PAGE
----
Syria’s government ‘fears’ the UN-backed committee tasked with amending its constitution and is taking steps to derail its work, which formally begins next week, the United States said Friday.
The United Nations last month announced the long-awaited formation of the committee to include 150 members, split evenly between Syria’s government, the opposition and Syrian civil society.
While the mandate of the body has not been precisely defined – it remains unclear if it will aim to write a new constitution or adjust the existing one – some experts were surprised that President Bashar al-Assad’s government agreed to participate at all.
Ahead of the committee’s first meeting, set for Geneva next week, Washington’s special envoy for Syrian engagement James Jeffrey told reporters that the Assad regime is actively trying to thwart the process.
“The amount of effort that the Syrian government has put into not having this occur is for us a good indicator that the Syrian government fears that this assembly, and the political momentum that it will represent, is inimical to its desire to achieve a total military victory,” he said.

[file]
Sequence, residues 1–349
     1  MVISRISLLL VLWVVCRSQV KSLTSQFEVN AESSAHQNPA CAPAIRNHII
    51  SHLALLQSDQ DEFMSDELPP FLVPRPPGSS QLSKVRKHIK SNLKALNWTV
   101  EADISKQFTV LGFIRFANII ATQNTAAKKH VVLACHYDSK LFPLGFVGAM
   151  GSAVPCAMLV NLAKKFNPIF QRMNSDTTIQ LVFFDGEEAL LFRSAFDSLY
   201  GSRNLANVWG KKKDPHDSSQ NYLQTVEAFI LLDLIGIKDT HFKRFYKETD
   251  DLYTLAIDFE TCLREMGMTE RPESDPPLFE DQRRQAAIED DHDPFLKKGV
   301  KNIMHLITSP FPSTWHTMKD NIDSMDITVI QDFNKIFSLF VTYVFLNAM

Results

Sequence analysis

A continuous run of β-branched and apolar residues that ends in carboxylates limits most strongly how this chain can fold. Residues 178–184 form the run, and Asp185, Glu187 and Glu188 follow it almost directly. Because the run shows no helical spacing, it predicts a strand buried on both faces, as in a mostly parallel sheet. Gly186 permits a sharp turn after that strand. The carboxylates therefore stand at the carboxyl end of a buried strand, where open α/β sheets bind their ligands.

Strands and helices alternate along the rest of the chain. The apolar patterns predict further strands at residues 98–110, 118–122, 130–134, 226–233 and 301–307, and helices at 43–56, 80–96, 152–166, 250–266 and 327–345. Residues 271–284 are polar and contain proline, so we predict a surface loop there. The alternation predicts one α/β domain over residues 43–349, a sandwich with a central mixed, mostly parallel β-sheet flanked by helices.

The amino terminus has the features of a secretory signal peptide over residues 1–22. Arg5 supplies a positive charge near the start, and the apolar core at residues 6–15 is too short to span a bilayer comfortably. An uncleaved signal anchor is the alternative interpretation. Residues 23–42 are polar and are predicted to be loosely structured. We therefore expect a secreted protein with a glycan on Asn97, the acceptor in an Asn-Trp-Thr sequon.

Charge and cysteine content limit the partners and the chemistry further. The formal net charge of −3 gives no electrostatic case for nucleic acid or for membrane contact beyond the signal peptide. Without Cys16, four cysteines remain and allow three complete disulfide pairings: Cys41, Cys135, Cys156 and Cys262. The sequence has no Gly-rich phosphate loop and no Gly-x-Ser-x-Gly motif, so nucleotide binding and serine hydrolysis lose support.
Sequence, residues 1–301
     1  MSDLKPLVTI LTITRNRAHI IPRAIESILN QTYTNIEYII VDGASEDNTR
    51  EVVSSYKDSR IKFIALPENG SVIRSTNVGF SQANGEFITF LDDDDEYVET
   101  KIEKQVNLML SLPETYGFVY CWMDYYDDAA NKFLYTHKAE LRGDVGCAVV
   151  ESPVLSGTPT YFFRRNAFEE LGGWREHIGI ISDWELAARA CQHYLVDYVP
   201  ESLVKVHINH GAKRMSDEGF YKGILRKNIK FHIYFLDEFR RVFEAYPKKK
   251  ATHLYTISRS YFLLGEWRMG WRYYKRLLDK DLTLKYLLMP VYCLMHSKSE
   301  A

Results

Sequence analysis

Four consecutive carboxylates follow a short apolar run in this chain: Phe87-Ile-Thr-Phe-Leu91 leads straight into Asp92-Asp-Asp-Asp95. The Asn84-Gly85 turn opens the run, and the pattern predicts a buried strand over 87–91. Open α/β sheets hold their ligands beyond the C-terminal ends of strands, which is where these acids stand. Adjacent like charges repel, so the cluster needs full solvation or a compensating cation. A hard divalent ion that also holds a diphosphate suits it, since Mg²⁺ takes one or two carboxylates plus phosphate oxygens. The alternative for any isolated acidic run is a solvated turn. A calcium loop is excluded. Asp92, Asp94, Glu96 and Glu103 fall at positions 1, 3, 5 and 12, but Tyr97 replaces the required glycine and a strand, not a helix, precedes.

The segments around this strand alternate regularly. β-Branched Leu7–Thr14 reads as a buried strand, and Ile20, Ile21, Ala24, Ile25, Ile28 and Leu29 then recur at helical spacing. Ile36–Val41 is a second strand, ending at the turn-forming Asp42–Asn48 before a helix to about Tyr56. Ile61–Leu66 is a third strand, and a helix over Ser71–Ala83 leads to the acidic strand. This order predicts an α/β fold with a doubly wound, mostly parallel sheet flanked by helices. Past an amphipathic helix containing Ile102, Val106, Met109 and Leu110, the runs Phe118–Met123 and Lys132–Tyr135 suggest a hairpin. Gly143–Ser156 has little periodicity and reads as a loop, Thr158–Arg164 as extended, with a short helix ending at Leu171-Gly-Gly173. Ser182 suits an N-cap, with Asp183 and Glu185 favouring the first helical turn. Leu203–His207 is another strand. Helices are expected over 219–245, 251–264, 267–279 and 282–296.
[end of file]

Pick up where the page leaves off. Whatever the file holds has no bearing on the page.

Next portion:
“We are very aware of steps they are trying to take to make this thing as ineffective as possible,” he added.
Constitutional review is a central part of the UN-led effort to end the war in Syria, which has killed more than 370,000 people and displaced millions since erupting in 2011 with the repression of anti-government protests.
The UN peace effort, governed by Security Council resolution 2254, also calls for UN-supervised elections in Syria.
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